London, England

Joe Abercrombie: You could try the Phoenix Artist’s Bar off Shaftsbury Avenue, where a glittering array of genre writers are often to be found arguing with their editors over that most eternal of literary questions – whose round it is. It has the added advantage of being right next to several of the UKs biggest bookstores. Once you are drunk enough, I therefore recommend you stumble outside and buy any and all copies of my books that you can find. The dizzy rush of excitement you’ll experience will be far superior to anything you can get in a pub. Honest.

Kate Griffin: Well, I kinda don't drink, owing to expense and taste and the fact that I never really had much fun doing it. But I do have fond memories of the Sherlock Holmes, which is to the north of Hungerford Bridge, and the Castle on Pentonville Road has a very nice roof terrace in the summer, which almost redeems the fact that it's on the Pentonville Road. If you're after drink + fun, may I heartily recommend Cafe Kick on Exmouth Market, which is a sports cafe. This essentially means a lot of football, many photos of men in bad shirts looking mud-splattered, much booze and, best of all, bar footie. Many, many hours have been happily whiled away playing bar footie in Cafe Kick.

Los Angeles, California, USA

Charlie Huston: [Note: Charlie used to support his writing habit by tending bar in New York City] I hate pubs – they are places people drink cocktails in stem glasses.My favorite bar at the moment is the Lost & Found in L.A. It’s in a strip mall with a cleaners and across from a grocery store. It has a pool table and popcorn machine – things I value in a bar.[Note: right after answering this question, Charlie caught a ride to a nearby dive bar – Tallyho Cocktail Lounge in Scottsdale, Arizona]

New York, New York, USA

Jeff VanderMeer: The Brandy Library in NYC that Gabriel Mesa introduced my wife and me to; because it is set up like a real library and the lighting is magnificent and the liquids contained therein are insanely amazing.

Nottingham, England

Mark Chadbourn: I would certainly recommend going to The Trip to Jerusalem in Nottingham - you not only get good beer and food and good company, you also get great atmosphere and an unforgettable history lesson. The Trip is the oldest pub in Britain. You can tell that the moment you stoop through the tiny medieval doors into a maze of small rooms where you could lose yourself for quite a while. The rear part of the pub is actually carved out of the rock and there is a tunnel leading to an underground labyrinth that links vast sandstone caves running beneath Nottingham. Right overhead, Nottingham Castle towers. The Trip was founded in 1189, when King Richard the Lionheart announced the crusade against the Saracens in the Holy Land - hence the pub name. If you're looking for ghosts, there are supposed to be several here. But watch out for the locals - they may try to entice you into one of the medieval pub games, particularly swinging a small hoop on a rope on to a horn fixed to the wall. It looks simple, but is fiendishly hard - and the locals ensure a constant supply of free beer betting against unwitting visitors. It's also one of the favourite watering holes of Britain's fantasy authors, and when the annual Fantasycon is in town (usually September) you can find many of them propping up the bar. You can find out more here:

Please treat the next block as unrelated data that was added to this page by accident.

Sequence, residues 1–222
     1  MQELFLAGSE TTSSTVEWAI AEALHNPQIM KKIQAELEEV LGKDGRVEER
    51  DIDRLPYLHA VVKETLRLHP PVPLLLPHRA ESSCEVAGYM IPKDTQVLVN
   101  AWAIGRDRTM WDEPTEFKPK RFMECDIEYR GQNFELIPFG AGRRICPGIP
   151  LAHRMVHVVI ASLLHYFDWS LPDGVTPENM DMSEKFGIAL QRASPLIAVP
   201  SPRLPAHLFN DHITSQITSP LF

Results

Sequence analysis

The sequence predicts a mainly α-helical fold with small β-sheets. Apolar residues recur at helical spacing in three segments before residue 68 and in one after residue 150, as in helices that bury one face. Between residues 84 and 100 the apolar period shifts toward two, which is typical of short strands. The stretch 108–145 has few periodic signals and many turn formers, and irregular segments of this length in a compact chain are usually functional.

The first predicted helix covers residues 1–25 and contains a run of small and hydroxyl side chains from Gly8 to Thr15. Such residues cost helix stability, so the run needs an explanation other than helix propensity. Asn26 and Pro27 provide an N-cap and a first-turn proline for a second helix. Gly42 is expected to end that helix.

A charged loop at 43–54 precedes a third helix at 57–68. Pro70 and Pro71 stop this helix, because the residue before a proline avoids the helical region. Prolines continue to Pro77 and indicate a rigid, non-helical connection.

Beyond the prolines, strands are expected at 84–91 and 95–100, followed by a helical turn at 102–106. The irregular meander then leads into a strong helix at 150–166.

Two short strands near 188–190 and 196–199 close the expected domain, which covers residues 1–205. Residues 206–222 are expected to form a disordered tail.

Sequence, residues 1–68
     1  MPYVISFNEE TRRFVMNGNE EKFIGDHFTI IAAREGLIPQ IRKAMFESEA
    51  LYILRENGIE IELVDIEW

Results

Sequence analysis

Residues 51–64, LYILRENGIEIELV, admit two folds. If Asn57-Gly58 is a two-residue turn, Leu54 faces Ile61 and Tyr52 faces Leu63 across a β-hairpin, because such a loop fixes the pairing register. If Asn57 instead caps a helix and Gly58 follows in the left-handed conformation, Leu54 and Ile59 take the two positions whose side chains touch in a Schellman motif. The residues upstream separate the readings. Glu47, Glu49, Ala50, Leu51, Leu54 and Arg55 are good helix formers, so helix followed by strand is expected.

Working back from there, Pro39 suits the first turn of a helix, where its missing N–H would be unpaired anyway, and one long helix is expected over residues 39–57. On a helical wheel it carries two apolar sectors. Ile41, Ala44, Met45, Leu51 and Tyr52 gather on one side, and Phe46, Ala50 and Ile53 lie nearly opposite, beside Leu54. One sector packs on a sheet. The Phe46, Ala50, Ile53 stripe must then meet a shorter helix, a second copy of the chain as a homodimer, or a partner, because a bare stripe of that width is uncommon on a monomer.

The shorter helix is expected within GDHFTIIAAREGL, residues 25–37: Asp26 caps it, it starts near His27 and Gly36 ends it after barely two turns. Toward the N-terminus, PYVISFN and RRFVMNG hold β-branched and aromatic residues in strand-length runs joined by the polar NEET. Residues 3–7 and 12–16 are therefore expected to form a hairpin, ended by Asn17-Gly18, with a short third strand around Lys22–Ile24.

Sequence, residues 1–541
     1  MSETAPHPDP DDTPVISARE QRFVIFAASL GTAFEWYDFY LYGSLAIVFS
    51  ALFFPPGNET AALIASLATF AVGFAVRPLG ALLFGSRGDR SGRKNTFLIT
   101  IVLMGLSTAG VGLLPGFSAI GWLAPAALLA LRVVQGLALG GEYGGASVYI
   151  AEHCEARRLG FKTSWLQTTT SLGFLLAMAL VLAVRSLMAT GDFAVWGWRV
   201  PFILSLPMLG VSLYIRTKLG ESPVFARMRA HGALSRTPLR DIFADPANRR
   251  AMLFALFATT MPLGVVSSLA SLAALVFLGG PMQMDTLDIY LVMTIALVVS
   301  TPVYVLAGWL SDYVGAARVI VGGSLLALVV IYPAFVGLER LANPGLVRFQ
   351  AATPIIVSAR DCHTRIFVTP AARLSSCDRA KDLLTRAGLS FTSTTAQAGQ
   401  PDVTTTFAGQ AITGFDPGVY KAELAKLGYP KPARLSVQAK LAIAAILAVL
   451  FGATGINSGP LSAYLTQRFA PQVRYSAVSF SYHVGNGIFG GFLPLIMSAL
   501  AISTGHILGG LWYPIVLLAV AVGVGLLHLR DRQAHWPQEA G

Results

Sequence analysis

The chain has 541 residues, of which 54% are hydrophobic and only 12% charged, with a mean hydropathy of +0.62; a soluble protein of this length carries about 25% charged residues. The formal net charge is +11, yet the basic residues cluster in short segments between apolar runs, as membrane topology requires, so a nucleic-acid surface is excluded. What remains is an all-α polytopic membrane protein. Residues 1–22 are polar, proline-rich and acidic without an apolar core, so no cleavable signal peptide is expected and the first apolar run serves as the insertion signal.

Mark Charan Newton: An easy one! The Alley Cafe - - in Nottingham. I'm a vegetarian; this place serves vegetarian food, locally sourced, freshly prepared, and stunning. Not only that, but the bar is funky, and has a good mix of people and ages. It's tiny though, and you end up sitting close to other people, which really shakes us Brits out of our preference for personal space. So, good food, good people, decent DJ at the weekend - what more can you want? (Don't say meat.)

Palo Alto, California, USA (south of San Francisco)

Blake Charlton: Antonio’s Nut House in Palo Alto: closest thing you’re going to get to a dive bar anywhere near Stanford University. So…not very divvy, but still it makes a respectable attempt. The place is covered with pool tables, stools, knick-knacks, neon signs, and strange Americana. The jukebox alternately rocks out Jonny Cash and Dr. Dre. A Mexican restaurant shares one side of the bar and you can get good enchiladas until around 11pm. The floor’s covered with peanut shells because they’re free on the house. You just have to fish them out of a barrel that’s in a cage with a giant gorilla suite. The gorilla used to be automated to move when someone came near, but too many of the non-regulars would freak out and jump away from the gorilla and into a pool game. Best part is the crowd, which is about one third town locals, one third Stanford grad students, and one third bar hopping types (some bikers) from up and down the peninsula. Sometimes a glut of undergrads will take it over, and that’s kind of a drag (unless you are one, I suppose.) But normally conversation topics range from quantum physics to football to Desperate Housewives to beer. Actually, everyone’s always talking about beer. I like the high geek ratio and that everyone in the place is pretty different and that they mix with each other, especially around the pool tables and dart boards.

Pilsn, Czech Republic

Jeff VanderMeer: The Pub in Pilsen, Czech Republic, where you get a tap at your table and can pour your own fresh beer—no preservatives or additives—and they have electronic scoreboards for every table at every The Pub in the country…and after four or five pints you definitely want to be at the top of the scoreboard. We spent an amazing night there with our Finnish friends Jukka, Tero, and Juha, Hal “The Wonder” Duncan, Alistair Rennie, Ian MacLeod, and several others…at the end of which I pretended to be Czech to the family from Montana at the next table.